As President Obama spends the day at the G20 Summit in St. Petersburg, Russia, trying desperately not to get caught dissing Vladimir Putin on an open mic, it appears that the Russians are planning to send their own delegation in the opposite direction. Moscow is naturally quite interested in the current congressional debate over the possible use of military force in Syria. The Atlantic has an article up today by Abby Ohlheiser that details reports of lobbying efforts by the Russians on Capitol Hill.
Russian president Vladimir Putin suggested a plan to directly lobby Congress was in the works on Monday, after meeting with Valentina Matvienko and Sergei Naryshkin, speakers for the upper and lower houses of Russian parliament. They apparently proposed the idea to Putin, arguing that they could work U.S. lawmakers towards a more “balanced” stance on Syria. Continue reading →
An illustration by Albrecht Dürer depicting gluttony, circa 1498
What comes to mind when you hear the word “gluttony”? My immediate mental image is of a rotund man sitting at a banquet table, turkey leg in one hand and wine goblet in the other, stuffing his face past the point of normal endurance. My imagination then expands to the Independence Day hot dog eating contest at Nathan’s on Coney Island, sumo wrestlers gorging themselves on trays full of sushi, and frat boys trying to best each other in a drinking contest. Perhaps I even see a cruise ship drifting through the Caribbean, its eager occupants devouring food and drink 24/7.
These scenarios range from silly to serious, and all of them have to do with the rapid devouring (I use this same word again because no verb in English seems to capture the meaning of gluttony as well as “devour”) of some kind of food or beverage, all of which usually leads to or is a part of bad behavior. But in our culture, such consumption is not considered to be especially bad. Continue reading →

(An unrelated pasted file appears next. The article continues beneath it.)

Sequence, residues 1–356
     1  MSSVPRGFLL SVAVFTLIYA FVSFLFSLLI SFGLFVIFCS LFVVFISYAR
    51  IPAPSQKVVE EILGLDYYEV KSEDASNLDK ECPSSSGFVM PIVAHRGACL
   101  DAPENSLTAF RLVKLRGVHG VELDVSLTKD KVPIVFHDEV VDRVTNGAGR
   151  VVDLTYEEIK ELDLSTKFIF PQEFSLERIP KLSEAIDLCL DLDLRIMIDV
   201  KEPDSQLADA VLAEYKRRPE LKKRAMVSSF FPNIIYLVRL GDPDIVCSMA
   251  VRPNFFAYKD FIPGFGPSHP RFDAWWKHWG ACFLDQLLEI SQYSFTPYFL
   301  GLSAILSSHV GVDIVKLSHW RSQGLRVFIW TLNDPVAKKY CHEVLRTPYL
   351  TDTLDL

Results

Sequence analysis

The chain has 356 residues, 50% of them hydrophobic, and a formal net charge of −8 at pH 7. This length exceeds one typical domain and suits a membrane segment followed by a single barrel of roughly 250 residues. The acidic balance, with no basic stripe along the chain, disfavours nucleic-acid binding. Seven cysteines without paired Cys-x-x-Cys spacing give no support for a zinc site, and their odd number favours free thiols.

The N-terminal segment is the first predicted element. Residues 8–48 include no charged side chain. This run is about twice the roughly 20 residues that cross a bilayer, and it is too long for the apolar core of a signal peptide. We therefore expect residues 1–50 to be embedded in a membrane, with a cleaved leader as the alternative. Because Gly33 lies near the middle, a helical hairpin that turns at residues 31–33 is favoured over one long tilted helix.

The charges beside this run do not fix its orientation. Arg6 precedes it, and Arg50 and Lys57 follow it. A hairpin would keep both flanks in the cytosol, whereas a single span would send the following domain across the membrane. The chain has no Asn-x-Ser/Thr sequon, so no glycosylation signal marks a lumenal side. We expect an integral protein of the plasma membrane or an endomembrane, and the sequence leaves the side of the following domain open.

Official UK government photo of the Prime Minister’s residence at 10 Downing Street
Today, President Obama announced that he will seek authorization from Congress for a military strike in response to the use of chemical weapons in Syria, an act apparently committed by the Assad regime. “This attack is an assault on human dignity. It also presents a serious danger to our national security,” Obama said in his speech. “In a world with many dangers, this menace must be confronted.”
The President stressed that the scope of these strikes would be limited. “This would not be an open-ended intervention. We would not put boots on the ground. Instead, our action would be designed to be limited in duration and scope. But I’m confident we can hold the Assad regime accountable for their use of chemical weapons, deter this kind of behavior, and degrade their capacity to carry it out.” Continue reading →
This photo of Martin Luther King, Jr. is part of a Library of Congress collection.
What can we learn from Martin Luther King Jr., George Costanza, Barack Obama, and King Jehoshaphat?
Yesterday was the 50th anniversary of Martin Luther King Jr.’s “I Have a Dream” Speech. It was an appropriate moment to remember a man who gave so much and inspired so many. He is rightly regarded as one of the greatest Americans who ever lived. Yet, even as we praise him, it is also worth noting that King had one advantage that is denied to most of us, and an odd kind of advantage it was: he died young.
Now, before I cause serious offense to anyone, let me make clear that I am in no way happy that King’s life was shortened. This was a major setback for the civil rights movement and a great tragedy for America. What I am referring to is not the fact that King was murdered, but rather that his early death has preserved him in our memory at the height of his success. Continue reading →
U.S. soldiers delivering non-lethal aid to the Syrian opposition. They may soon be asked to do more. (Department of Defense photo)
WARNING: This is not an article about Miley Cyrus’ performance at the VMAs on Sunday. It is an analysis of a serious news story. If you are looking for less serious news coverage, please feel free to check out any of America’s 24-hour cable news networks.
“Syria is not easy to swallow.”
This rather odd quote was made yesterday by Syrian Foreign Minister Walid Moallem in regard to possible military action by Western nations against the Assad regime. We can interpret it in a couple of different ways. One would be to go for the most literal meaning: it is true that attempting to swallow all 71,479 square miles of Syria would not be easy. In fact, if this is the meaning Mr. Moallem was going for, I would say he is a bit guilty of understating the issue. Continue reading →